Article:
Architecture students lead discussion on Ballard’s homeless encampment

Glue sticks, scissors, tissue paper, yarn, and hundreds of small foam blocks were strewn across 11 tables in the UW’s Gould Hall Court on Tuesday night.

What appeared to be 50 adults doing arts and crafts was actually attempts to create a model of a viable homeless encampment.

Hosted by the UW department of architecture, the three-hour event resulted in 11 very different ideas of what the encampment, specifically the city-designated soon-to-be encampment on 2826 NW Market St. in Ballard, could be.

This particular encampment will house 52 residents, likely in 96-square-foot houses. The site is not large. Currently, it’s a medium-sized patch of grass tucked between a bar and a parking lot. This made fitting the 50 small blocks of foam in the designated space, each representing one person’s temporary home, very difficult.

Sharon Sutton, professor of architecture and urban design, hosted the event along with five of her students. She said there were no right or wrong answers; they were just there to brainstorm.

“It’s about getting people together who have different perspectives on the issue and starting a conversation,” Sutton said.

Many of the attendees were current and former Ballard residents, two were potential residents of the encampment, and others were in the architecture or construction business.

Prior to building actual models, participants broke into groups led by conversation facilitators, most of whom were authorities in the field of architecture or urban planning, and discussed the various expectations they had of the residents of the encampments, neighbors, and of city officials.

Each group was then assigned a more specific conversation topic. These included connectivity, safety, landscape, beauty, social service, and construction.

Freelance architect and conversation facilitator Dave Machemer discussed construction with his group. He said permanence and sustainability are essential, “as opposed to ‘hey, stay here for a month then get out.’”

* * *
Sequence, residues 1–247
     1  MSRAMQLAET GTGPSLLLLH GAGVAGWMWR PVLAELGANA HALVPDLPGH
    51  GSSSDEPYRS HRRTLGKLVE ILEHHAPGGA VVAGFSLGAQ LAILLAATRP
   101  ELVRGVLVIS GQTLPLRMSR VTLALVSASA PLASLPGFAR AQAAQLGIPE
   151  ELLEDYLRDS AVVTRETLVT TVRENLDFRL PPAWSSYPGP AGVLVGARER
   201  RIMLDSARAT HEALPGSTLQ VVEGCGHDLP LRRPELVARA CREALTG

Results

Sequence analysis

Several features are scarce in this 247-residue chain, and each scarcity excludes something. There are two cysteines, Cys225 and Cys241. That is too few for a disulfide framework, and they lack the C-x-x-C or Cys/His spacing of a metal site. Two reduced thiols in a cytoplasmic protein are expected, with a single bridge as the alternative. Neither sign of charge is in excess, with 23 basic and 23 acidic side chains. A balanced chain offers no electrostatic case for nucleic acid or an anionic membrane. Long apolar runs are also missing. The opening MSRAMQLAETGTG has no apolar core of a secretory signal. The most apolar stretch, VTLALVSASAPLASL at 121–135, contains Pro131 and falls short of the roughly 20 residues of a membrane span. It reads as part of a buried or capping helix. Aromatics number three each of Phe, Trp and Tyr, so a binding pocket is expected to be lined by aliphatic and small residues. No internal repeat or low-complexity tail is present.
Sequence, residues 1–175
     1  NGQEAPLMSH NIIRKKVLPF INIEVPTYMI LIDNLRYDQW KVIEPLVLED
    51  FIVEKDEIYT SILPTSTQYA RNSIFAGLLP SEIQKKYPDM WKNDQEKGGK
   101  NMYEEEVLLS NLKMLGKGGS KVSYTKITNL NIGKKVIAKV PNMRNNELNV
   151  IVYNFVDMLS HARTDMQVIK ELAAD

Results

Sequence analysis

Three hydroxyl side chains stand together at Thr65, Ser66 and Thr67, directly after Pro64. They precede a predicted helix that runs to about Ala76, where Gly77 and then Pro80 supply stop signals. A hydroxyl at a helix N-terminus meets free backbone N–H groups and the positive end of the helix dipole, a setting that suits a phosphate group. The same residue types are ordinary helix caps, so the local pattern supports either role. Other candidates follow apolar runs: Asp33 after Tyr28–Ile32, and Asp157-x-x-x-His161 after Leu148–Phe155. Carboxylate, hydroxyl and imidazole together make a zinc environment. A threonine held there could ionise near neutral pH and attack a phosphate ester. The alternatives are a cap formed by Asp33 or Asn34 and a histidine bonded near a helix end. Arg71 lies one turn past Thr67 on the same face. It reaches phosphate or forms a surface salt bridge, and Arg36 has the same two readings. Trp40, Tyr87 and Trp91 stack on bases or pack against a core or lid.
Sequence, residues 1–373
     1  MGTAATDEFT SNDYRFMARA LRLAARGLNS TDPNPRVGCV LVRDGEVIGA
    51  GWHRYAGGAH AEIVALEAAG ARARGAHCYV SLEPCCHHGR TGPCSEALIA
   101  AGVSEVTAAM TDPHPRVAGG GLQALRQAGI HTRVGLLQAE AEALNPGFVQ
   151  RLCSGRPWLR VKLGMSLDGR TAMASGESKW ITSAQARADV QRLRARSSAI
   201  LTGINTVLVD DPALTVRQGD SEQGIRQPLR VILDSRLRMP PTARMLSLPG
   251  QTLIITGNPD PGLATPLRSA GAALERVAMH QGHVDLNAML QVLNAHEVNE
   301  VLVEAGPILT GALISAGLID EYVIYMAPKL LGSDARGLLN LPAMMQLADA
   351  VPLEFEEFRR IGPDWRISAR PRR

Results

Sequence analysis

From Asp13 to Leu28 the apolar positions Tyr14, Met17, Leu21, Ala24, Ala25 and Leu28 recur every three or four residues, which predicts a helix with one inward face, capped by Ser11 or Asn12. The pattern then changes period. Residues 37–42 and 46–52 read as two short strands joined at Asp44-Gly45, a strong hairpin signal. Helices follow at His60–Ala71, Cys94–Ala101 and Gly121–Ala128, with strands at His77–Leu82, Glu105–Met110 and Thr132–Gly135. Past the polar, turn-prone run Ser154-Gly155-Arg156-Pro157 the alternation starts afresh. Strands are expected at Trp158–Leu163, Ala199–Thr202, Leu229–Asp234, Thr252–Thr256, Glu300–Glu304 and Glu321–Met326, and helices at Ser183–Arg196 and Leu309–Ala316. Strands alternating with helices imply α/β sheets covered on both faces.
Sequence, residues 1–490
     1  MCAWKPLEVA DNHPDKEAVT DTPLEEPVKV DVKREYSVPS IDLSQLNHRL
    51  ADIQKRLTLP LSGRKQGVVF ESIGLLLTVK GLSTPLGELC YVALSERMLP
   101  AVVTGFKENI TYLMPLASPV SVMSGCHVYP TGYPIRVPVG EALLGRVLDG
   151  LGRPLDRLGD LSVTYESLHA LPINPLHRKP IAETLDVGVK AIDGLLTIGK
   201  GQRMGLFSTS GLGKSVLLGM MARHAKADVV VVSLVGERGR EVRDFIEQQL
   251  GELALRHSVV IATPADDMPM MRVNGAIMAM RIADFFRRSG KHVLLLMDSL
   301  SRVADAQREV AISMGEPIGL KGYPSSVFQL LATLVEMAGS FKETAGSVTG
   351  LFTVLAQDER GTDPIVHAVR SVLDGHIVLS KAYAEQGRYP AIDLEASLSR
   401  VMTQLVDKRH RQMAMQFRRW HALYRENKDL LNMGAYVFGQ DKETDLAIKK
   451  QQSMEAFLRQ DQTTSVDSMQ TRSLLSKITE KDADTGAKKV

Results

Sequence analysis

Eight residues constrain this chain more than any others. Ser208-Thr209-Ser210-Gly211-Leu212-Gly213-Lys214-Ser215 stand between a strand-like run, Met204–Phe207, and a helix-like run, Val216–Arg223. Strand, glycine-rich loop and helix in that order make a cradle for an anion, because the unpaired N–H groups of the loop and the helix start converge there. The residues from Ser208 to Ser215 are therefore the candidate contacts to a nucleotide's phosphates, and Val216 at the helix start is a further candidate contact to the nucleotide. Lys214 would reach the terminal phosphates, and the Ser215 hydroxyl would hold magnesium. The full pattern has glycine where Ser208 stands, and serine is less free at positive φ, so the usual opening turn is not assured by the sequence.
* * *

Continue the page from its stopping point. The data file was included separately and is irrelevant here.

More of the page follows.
Other encampments in Seattle include Nickelsville, located at 1010 S. Dearborn St., and Tent City 3, which is currently located at Bryn Mawr United Methodist Church.

The rising number of homeless individuals in the Seattle area led Mayor Ed Murray to select three new encampment sites in late June, hoping to be up and running this year. The other two new sites are in Interbay and the Industrial District. Together the three sites will host 200 people.

The sites must be 25 feet from residential lots, a half-mile or less from a bus stop, one mile from another encampment, and at least 5,000 square feet.

Another conversation facilitator, writer and brand strategist Sean O’Connor, said while these sites must be somewhat divided from its neighbors, there’s no need to create unwelcoming borders.

“We need a working space for the residents to create a community for each other, learn from each other,” O’Connor said. “But not being completely fenced in from neighbors like a demilitarized zone.”

The Ballard location caused an uproar of disapproval among many Seattleites, mainly Ballard residents and business owners. Several attendees of the community meetings held to discuss the encampment space said they felt their voices weren’t heard in the selection process.

On the other hand, many advocates for the homeless said it was the age-old ‘not in my backyard’ philosophy that spurred the upheaval.

“I think people find they’re a lot less scared of these encampments than they thought they would be,” Machemer said.

The event concluded with a debrief. Sutton asked participants what they learned and whether or not they would attend a similar workshop if she were to host again.

“I heard a lot of ideas I hadn’t thought about, so we’re off to a great start,” she said.

Reach News Editor Kate Clark at Twitter: @KateClarkUW

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